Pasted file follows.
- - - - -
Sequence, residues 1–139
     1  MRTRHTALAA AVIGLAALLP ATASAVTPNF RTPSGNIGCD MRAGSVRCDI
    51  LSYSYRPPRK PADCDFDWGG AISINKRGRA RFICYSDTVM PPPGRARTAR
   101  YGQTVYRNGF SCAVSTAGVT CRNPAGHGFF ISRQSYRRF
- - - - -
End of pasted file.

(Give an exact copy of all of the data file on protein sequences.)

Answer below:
Sequence, residues 1–139
     1  MRTRHTALAA AVIGLAALLP ATASAVTPNF RTPSGNIGCD MRAGSVRCDI
    51  LSYSYRPPRK PADCDFDWGG AISINKRGRA RFICYSDTVM PPPGRARTAR
   101  YGQTVYRNGF SCAVSTAGVT CRNPAGHGFF ISRQSYRRF